Phil Westerman, a member of the ICAEW working group and a partner at Grant Thornton, says: “Construction firms have to bid realistically and responsibly; they need to get the costing of bids for contracts right. They have to factor in how changes in one end of the supply chain could impact further down.”

Westerman adds: “Without sufficient margins, they won’t be able to invest and innovate, which is critical for the sector to fulfil its potential as a key contributor to UK growth.”

And that’s the rub. If companies aren’t getting the basic pricing right then management won’t be able to sustain growth in the sector in the long-term. This is not just bad news for business, but for everyone.

The auditors’ report highlights five critical areas that need most attention from the government, construction companies and investors. They include dealing with the “politicking” over the government’s spending and procurement policies, providing clarity over long-term plans, and the skills squeeze in the sector.

In a recent exclusive interview Taylor Wimpey’s group FD tells CFOWorld that one lesson he’s learned from the recession and turning around the UK’s third biggest housebuilder is the need to invest for the future and ensure a sustainable business.

“We want to be top quartile operating margin in the sector. We want to be the most efficient and effective on the hygiene side of the business – that’s manufacturing, selling and planning homes,” he says.

Mangold is all too aware of the issue on pricing and supply chain. “We do know we’re not going to get it right necessarily every single time. There are going to be issues that surprise us. Either the planners turn against us for whatever reason in terms of the engagement we’ve got with them. … Or the planners have a different philosophy to what we have. We might get a surprise that means the margins get squeezed. And if the margins get squeezed then you end up impairing the asset,” Mangold explains.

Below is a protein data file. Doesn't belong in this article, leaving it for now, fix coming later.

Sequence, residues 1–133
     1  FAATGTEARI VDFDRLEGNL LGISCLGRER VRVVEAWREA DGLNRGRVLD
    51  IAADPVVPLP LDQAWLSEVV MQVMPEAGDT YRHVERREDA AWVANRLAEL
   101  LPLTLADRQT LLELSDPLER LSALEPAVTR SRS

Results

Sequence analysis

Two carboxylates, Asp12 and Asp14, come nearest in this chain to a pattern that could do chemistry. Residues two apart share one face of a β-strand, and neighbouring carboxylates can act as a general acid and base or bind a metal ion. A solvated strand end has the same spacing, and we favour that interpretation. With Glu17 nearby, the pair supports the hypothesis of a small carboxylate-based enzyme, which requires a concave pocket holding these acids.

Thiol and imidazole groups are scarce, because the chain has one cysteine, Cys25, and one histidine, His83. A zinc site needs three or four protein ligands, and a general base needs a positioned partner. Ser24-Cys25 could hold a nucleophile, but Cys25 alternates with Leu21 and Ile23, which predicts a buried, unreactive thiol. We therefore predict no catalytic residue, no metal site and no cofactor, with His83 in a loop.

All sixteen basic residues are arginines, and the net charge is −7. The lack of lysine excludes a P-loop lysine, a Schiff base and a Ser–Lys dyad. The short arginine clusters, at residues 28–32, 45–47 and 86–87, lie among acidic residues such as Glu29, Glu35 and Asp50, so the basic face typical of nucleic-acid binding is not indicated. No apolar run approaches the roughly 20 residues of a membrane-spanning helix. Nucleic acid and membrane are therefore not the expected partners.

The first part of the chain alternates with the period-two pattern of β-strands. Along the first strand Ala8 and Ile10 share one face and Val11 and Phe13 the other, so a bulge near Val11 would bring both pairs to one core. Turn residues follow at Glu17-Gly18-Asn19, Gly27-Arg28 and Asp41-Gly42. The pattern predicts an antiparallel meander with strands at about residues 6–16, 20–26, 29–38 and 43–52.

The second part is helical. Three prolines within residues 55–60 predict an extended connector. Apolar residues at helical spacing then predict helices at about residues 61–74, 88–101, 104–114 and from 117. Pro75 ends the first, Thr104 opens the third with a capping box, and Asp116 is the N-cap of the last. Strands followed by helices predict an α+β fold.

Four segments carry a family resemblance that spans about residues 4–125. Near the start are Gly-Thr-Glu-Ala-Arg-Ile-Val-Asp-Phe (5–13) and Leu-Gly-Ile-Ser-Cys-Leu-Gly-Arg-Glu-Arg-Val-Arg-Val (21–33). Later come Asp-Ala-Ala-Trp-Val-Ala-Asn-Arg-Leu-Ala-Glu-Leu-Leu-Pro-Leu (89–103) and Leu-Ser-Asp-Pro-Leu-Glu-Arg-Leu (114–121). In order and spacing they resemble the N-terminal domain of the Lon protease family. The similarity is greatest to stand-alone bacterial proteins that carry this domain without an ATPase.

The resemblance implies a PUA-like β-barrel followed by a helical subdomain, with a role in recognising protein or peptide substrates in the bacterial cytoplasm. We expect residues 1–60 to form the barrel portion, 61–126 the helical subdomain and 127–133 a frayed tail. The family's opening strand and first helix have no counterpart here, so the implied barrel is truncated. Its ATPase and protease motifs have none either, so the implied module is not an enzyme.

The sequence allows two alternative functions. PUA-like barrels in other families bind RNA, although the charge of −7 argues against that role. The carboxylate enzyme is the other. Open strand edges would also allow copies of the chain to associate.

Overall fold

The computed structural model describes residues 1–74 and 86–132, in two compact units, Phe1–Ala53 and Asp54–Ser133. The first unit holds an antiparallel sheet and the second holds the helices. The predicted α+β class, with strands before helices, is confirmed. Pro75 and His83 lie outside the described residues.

The latest research from financial data company Markit shows that the construction sector – which accounts for just over 6 percent of the economy – expanded for the twelfth consecutive month in April, albeit at the slowest rate in six months.

Markit’s senior economist and author of the survey Tim Moore says growth has started to moderate but strong rises in new work and payroll numbers “provide ample optimism that output will expand strongly over the course of 2014”.

Taylor Wimpey’s finance chief is equally effusive on prospects: “As the housing market continues to cheer up so we would expect the volumes to be positive this year thanks to the government’s Help To Buy. And in that environment the trades and some of the core items that go into new build houses come under strain so it’ll be good to understand those cost pressures better, and give us the opportunity to mitigate those and become more efficient.”

But Markit’s Moore also has a warning: “Set against the tightening supply chain backdrop, a difficult challenge lies ahead for the housebuilding sector to make sure it doesn’t hit a ‘brick ceiling’.”

Of all the industry sectors construction suffered one of the most bruising recessions. It benefits no one – not even home buyers – for the sector to hit the rails. What we need now more than anything is for builders to price realistically on quality homes and buildings to earn good but not excessive margins. That way companies will be in it the long-term and Britons can look forward to more homes at reasonable prices and better infrastructure projects that benefit all.